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Jus Post Bellum: The Case for a Light Footprint "Plus" Approach to Post-Conflict Peacebuilding

  • Author / Creator
    Leonard, Shaina C
  • The term jus post bellum is used increasingly to refer to the legal frameworks applied in post-conflict peacebuilding projects. This thesis considers the recent application of three jus post bellum frameworks in states emerging from conflict to determine which framework has the greatest potential for success in terms of securing lasting peace and security in the post-conflict state. The three frameworks considered are: the law of occupation applied in Iraq, the United Nations-led interim administrations applied in Kosovo and East Timor, and the light footprint approach applied in Afghanistan. The thesis concludes that the light footprint approach, with its focus on local ownership over the peacebuilding process, should be considered for future post-conflict states, but with enhanced attention to security and coordination. A light footprint “plus” approach that includes increased international support and mentorship is advocated as the clearest route to lasting peace and security. This thesis concludes that the law of occupation is not an effective tool for post-conflict peacebuilding because it restricts the types of changes that can be made within the post-conflict state and it only arises in rare instances of international armed conflict. In Kosovo and East Timor, the UN-led interim administrations took control of all aspects of governance and made significant changes. While UN-led interim administrations can bring about significant post-conflict change, the lack of popular consultation and perceived lack of accountability makes them less desirable as post-conflict peacebuilding frameworks. In Afghanistan, peace builders were wary of the risks of imposing change on the Afghan people and adopted a light footprint approach that allowed Afghan authorities to lead post-conflict rebuilding efforts. Unfortunately, the international community did not provide sufficient support to the Afghans, the result of which was a poor security environment, an uncoordinated approach, and a failure to incorporate existing judicial frameworks into the new institutions of government. Although the light footprint approach is considered a failure in Afghanistan, a light footprint “plus” approach cannot be discounted for future peacebuilding initiatives.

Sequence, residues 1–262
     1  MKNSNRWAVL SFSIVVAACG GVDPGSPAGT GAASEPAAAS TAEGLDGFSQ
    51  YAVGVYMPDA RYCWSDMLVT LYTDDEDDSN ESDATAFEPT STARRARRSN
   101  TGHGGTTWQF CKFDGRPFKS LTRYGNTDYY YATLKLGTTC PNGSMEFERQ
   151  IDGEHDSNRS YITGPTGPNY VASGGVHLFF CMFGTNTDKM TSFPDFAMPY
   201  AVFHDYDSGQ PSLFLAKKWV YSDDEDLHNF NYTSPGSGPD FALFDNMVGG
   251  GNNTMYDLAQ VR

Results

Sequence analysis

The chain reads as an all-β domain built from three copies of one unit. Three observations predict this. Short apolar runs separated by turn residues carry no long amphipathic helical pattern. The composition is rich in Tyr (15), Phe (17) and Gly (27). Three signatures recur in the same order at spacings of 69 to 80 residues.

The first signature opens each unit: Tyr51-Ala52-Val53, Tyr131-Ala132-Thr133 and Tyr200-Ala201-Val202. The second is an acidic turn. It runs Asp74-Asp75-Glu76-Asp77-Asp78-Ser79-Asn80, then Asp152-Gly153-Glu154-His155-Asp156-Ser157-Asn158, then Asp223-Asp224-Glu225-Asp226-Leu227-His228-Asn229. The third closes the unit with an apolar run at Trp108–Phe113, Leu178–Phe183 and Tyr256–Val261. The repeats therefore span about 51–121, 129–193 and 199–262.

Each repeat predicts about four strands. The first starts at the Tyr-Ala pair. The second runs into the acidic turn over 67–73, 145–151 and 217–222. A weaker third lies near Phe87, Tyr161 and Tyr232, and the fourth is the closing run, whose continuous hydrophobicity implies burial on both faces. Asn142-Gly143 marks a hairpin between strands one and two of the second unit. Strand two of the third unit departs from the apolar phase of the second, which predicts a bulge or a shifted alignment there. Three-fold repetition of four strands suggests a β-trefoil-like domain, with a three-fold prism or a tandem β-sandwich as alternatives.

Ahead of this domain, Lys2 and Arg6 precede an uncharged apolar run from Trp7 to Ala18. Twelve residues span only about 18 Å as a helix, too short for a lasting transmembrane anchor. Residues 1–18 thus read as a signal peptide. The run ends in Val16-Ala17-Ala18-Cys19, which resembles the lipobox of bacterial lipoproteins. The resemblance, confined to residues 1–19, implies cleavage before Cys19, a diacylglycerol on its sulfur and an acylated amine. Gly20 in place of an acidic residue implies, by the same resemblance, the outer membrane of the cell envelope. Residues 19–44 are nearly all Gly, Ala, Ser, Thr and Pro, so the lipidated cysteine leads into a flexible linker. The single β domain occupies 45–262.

• Subjects / Keywords
  • Graduation date
    2014-11
  • Type of Item
    Thesis
  • Degree
    Master of Laws
  • DOI
    https://doi.org/10.7939/R3DD47
  • License
    This thesis is made available by the University of Alberta Libraries with permission of the copyright owner solely for non-commercial purposes. This thesis, or any portion thereof, may not otherwise be copied or reproduced without the written consent of the copyright owner, except to the extent permitted by Canadian copyright law.
  • Language
    English
  • Institution
    University of Alberta
  • Degree level
    Master's
  • Department
    • Faculty of Law
  • Supervisor / co-supervisor and their department(s)
    • Harrington, Joanna (Faculty of Law)
  • Examining committee members and their departments
    • Yahya, Moin (Faculty of Law)
    • Reif, Linda (Faculty of Law)
    • Harrington, Joanna (Faculty of Law)
    • Boon, Kristen (Seton Hall Law School)